First, he asked them to add an upright chrome grille, like that of a Rolls-Royce, but V-shaped instead; then add the spare tire hump on the trunk lid, a design cue of old Continentals. Iacocca also wanted a “hot rod” look, so Bordinat and Ash raised the rear quarters and decklid by two inches, allowing the roofline to sink low into the body. Last touch was the long (and I mean long) six-foot-five hood. Combined, the car now had an aggressive, athletic presence, really speaking to Iacocca’s desired hot rod look.
The name Lancelot was also tossed, replaced by the much-deserved and punch-your-teeth-in Continental Mark III.
Not everyone agreed on the design, some critiquing it as too vulgar and ostantencious. But Iacocca only needed to impress one man: his boss, Henry Ford II, who, upon seeing the clay model of the car, was so impressed that he reportedly said, “I’d like to drive that car home.”
Under that long hood there was something special too. Lincoln took the existing Ford 429 V8 and made it bigger, raising it to 460 cubic inches, or 7.5 litres. Bolted to a 3-speed automatic transmission, this monstrous powerplant put out 365 horsepower and a tire-shredding 500 lb-ft. of torque. This was enough to move the 4,800 lbs Mark III from 0-60 mph in under 9 seconds, quite a feat at the time for such a car as big and heavy as the moon.
The Mark III was also loaded with features you’d find in a modern car today: power windows, power locks, A/C, even cruise control. It was also the first American car to feature an early form of anti-lock brakes (albeit only on the rear wheels) known as Sure Track, for “sure stops” as marketed by Ford.
Needless to say, it was another home-run for Iacocca. The car was put into production and was on sale at the end of 1967 as a 1968 model (there is no 1967 Mark III) for a whopping $6,758 (or just over $50,000 in 2019). Despite being panned by critics for being expensive, old-fashioned (standards rear-wheel-drive rather than the progressive front-wheel-drive layout as seen in the Eldorado) the Mark III gave its competition a run for their money, bringing in strong sales between 1968 all the way until its last production year in 1971.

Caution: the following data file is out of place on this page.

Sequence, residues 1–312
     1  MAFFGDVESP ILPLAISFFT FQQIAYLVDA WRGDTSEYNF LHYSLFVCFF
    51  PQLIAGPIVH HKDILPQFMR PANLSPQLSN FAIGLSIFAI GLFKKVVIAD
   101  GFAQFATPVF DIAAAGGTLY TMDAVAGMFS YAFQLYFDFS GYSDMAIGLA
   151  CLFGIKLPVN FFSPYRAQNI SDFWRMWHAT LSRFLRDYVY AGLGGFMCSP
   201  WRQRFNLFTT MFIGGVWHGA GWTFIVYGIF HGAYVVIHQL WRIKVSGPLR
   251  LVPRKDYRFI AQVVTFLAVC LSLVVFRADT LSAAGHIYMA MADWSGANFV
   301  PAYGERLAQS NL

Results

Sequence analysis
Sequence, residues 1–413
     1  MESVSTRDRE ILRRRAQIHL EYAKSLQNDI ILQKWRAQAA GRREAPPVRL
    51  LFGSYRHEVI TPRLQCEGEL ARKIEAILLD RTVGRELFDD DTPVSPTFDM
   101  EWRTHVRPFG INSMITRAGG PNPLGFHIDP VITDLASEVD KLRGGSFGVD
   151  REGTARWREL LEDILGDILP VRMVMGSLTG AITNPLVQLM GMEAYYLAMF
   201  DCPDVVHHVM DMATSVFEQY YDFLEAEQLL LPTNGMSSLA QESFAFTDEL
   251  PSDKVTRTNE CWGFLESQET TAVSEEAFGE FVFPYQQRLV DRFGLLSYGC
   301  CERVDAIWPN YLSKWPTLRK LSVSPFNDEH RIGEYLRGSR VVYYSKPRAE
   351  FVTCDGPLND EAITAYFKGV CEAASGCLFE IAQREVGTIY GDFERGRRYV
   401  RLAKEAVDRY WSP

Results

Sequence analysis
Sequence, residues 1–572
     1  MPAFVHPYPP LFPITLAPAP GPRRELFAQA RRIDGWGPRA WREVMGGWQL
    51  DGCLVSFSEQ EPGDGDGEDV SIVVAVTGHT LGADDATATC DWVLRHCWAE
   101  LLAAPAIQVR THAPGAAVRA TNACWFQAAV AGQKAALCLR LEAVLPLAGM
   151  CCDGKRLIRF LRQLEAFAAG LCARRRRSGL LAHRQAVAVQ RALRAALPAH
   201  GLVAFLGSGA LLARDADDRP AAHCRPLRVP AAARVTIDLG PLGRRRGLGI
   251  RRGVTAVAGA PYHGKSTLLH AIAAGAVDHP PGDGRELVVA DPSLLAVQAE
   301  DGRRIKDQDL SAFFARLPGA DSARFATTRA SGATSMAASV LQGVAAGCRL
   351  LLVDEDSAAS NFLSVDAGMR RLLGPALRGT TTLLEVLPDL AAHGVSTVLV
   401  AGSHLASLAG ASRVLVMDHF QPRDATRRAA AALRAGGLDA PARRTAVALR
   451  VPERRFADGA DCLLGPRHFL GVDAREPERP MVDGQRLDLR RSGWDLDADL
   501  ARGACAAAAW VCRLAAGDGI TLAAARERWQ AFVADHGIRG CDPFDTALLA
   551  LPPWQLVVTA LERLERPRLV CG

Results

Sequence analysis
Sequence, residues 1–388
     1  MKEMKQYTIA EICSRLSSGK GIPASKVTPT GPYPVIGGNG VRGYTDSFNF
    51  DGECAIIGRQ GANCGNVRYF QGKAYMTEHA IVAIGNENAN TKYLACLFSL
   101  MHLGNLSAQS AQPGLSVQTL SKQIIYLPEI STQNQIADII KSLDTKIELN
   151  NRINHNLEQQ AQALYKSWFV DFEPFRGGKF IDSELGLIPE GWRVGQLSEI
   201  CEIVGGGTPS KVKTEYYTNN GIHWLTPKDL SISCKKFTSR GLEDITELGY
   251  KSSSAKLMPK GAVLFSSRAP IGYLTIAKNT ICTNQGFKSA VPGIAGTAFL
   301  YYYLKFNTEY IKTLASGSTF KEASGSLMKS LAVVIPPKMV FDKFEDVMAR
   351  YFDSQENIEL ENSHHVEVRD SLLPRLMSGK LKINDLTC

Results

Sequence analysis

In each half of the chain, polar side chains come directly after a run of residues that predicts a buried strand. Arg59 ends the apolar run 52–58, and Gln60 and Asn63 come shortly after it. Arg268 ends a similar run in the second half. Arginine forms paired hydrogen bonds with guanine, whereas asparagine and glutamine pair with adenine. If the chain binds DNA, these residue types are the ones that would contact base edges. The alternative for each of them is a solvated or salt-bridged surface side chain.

Iacocca was named president of Ford in 1970, helping bring continued success with the Mark IV, Mark V Continentals for years to come. Unfortunately, his tenure at Ford was brought to an abrupt end in 1978 when he was fired by Henry Ford Jr. It’s suspected that the two, known for their strong personalities, did not see eye to eye.
Lincoln’s Continental line continued without Iacocca, albeit their decline already began as soon as the Malaise era; the cars were bigger, large to the point of grotesque, and none were as powerful as the Mark III due to increasingly-restrictive emissions and fuel-economy standards at the time. Iacocca, meanwhile, went on to save Chrysler from bankruptcy, becoming CEO in the process and launching the K-car platform, one of the most versatile and successful car platforms in automotive history. Using one ingredient, Iacocca managed to spawn a small family of cars from this one platform, including the Chrysler LeBaron, Plymouth Reliant, Dodge Aries, Dodge Daytona, Chrysler Laser, Dodge Renegade (a pickup) and of course, the Dodge Minivan; the world’s first true minivan.
That’s the funny thing; Lincoln (and Ford) had their ups and downs over the years, while Iacocca just kept going up. I’m saddened I will never get to meet this great man, but his legacy will remain for generations to come. The Mustang, the minivan, those are the vehicles he’ll be remembered by most, but to me he’ll always be the father of the coolest Lincoln to ever to grace the roads.
Rest in peace Mr. Iacocca. And thank you.